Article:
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New Mexico Flag Hasn't Always Had a Zia Symbol; Earliest Version Boasted Quartz Crystals

By Rick Nathanson
Journal Staff Writer
    "The Sunshine State," best known as Florida's official nickname, described New Mexico long before Florida laid claim to it in 1970.
    The phrase appeared on our first-ever state flag in 1915, three years after New Mexico became a state. New Mexicans had no banner to rally around until politician and historian Ralph Emerson Twitchell designed one, and the New Mexico Legislature adopted it.
    That first flag is drastically different from the Zia design we know today. It was not golden yellow, but a pale turquoise with gold fringe along the bottom and a miniature U.S. flag in the upper left corner. Instead of 48 stars in the U.S. flag, there were 48 star-shaped pieces of native quartz crystals hand cut by New Mexico craftsmen.
    The number 47 in the upper right corner of the turquoise field signifies New Mexico's place as the 47th state. The words "New Mexico" run at an angle in the middle of the field. A replica of the state seal, also designed by Twitchell, is near the bottom right corner, with the words "The Sunshine State" beneath it.
    The badly faded Twitchell flag, as it has come to be known, is on display at the Palace of the Governors in Santa Fe. "It's the only one in existence that I'm aware of," said Louise Stiver, the Palace's senior curator.
    But because the stars in the miniature U.S. flag emblem were cut crystal, "it makes me think it was the prototype or the original state flag," Stiver said. "It's so elaborate."
    Mrs. Beatrice Roach donated the flag to the museum in 1954.
    "We have no other information on Mrs. Roach or the flag," Stiver said, including whether there may be copies.
    In 1923, the New Mexico Daughters of the American Revolution decided the flag was too cluttered and lacked aesthetic appeal. A new state banner needed to be developed, according to state historian Estevan Rael-Galvez.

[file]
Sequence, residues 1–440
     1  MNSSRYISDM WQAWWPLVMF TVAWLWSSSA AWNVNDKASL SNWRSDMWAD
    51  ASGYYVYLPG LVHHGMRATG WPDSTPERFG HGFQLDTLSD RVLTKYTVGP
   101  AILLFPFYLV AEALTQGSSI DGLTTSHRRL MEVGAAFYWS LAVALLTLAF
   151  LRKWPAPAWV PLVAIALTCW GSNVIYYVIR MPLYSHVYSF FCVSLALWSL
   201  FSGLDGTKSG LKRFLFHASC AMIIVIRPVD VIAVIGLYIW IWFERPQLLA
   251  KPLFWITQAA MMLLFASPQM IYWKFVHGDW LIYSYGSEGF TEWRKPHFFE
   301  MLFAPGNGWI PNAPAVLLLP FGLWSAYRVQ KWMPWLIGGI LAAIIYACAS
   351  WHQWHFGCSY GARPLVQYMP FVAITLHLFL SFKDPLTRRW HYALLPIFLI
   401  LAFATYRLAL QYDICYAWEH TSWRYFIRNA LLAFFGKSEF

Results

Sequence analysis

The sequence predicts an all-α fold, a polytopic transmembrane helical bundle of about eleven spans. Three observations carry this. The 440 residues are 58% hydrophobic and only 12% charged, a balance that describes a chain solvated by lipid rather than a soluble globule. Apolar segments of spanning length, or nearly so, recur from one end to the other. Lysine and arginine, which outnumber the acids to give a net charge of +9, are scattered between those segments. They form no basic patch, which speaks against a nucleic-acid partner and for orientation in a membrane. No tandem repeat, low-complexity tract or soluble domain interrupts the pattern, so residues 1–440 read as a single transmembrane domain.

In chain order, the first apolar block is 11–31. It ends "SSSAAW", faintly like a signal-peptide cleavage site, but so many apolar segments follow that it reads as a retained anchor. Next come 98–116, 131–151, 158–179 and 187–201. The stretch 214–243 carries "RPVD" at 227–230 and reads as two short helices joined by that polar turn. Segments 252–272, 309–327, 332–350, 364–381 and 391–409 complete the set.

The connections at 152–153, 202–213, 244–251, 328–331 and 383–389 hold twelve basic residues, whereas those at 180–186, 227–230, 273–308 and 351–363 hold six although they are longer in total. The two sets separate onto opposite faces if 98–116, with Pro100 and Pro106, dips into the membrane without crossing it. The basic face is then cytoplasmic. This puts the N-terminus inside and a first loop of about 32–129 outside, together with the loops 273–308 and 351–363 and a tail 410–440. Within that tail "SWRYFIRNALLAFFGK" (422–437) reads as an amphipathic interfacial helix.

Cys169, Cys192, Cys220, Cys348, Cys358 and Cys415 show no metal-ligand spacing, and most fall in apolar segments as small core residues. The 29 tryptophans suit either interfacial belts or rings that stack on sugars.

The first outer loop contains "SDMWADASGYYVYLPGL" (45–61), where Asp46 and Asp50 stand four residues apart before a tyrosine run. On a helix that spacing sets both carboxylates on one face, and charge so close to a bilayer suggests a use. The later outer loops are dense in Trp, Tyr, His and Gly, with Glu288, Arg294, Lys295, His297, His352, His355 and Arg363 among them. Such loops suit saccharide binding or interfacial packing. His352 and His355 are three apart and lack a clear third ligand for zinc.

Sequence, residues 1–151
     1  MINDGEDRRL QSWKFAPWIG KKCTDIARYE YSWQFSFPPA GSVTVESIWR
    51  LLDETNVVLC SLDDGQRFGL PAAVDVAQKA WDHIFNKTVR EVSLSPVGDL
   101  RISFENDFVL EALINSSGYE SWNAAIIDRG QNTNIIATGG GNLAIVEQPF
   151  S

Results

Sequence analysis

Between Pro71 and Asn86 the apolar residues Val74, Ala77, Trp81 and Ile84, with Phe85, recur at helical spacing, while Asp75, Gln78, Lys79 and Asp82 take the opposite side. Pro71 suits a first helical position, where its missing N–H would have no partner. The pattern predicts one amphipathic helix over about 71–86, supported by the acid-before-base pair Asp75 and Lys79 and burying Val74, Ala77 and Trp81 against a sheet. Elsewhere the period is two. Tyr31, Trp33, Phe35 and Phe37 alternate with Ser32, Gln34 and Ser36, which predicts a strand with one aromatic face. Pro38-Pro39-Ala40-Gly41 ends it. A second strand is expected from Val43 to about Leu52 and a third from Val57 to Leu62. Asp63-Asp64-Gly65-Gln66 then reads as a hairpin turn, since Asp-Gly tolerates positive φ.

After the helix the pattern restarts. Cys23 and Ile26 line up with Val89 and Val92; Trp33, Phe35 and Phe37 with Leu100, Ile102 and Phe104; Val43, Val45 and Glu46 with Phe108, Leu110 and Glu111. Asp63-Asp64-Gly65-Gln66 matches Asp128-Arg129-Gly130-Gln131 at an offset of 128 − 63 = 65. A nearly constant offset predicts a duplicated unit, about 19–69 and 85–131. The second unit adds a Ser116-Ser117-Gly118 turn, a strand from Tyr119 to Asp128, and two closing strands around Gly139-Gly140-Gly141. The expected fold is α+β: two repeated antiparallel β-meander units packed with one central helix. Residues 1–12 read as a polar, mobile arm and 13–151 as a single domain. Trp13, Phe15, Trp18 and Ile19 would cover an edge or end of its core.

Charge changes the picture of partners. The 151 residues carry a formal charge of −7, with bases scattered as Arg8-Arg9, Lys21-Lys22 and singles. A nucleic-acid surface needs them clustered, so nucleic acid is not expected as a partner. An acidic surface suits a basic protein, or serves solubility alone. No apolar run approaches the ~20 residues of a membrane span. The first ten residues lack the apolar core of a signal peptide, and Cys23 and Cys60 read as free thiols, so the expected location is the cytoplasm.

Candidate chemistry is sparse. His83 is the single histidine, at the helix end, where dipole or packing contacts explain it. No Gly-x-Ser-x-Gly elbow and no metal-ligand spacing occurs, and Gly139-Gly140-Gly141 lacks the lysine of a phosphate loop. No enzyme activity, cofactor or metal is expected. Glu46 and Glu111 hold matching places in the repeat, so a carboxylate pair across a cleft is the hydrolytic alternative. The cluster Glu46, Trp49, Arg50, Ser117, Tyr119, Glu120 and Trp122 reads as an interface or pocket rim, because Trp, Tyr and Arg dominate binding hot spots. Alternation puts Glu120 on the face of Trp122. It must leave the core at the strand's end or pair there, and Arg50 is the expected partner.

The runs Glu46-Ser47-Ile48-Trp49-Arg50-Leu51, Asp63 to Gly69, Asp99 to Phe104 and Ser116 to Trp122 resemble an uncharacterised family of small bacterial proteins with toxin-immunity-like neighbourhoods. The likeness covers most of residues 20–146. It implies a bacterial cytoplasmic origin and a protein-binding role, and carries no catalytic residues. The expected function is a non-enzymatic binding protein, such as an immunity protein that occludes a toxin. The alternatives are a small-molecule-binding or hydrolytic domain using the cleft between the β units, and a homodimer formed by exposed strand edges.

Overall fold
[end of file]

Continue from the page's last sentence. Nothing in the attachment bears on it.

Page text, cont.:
"So the DAR put together a design competition with a $25 award— big money at the time. They got something like 200 submissions and put them on display at the New Mexico Museum of Fine Arts for the public to see and comment on."
    The DAR ultimately chose a flag designed by Santa Fe physician and archaeologist, Dr. Harry Percival Mera. The flag featured a red Zia sun symbol on a bright yellow field. The colors were a nod to the flag of Old Spain.
    The Zia symbol consists of a circle joining four groups of four sun rays. The north rays represent the four winds; the south rays, the four seasons; the east rays, the four stages of a person's life (childhood, youth, adulthood and old age); and the west rays, the times of the day (morning, noon, evening and night).
    The generally accepted story is that Mera copied the Zia symbol, which contained a face in the center circle, from a piece of Zia Pueblo pottery. Rael-Galvez said members of the Zia Pueblo raised objections about the use of the sun symbol, and those objections continue today.
    The DAR retained the symbol but opted for simplicity and removed the face.
    State Rep. James Roger Madalena, D-Jemez Pueblo, has introduced several bills asking the state to pay Zia Pueblo for unauthorized use of the sun symbol, and to negotiate a licensing agreement for its continued use. His latest bill, in 1999, asked for $74 million.
    "I'm not aware of any of the bills getting to the floor of either the House or the Senate for a vote," said Dave Mielke, general counsel for Zia Pueblo.
    Gov. Bill Richardson signed an executive order in 2003 to create the Zia Sun Symbol Task Force. The order "acknowledged the pueblo's claim that the symbol originated with them, and that it has religious and cultural significance to the tribe," said Mielke, of the task force.
    The New Mexico flag was voted the best designed among 72 states, provinces and territories in the United States and Canada in a 2001 online poll conducted by the North American Vexillological Association— a scholarly organization of people who study flags.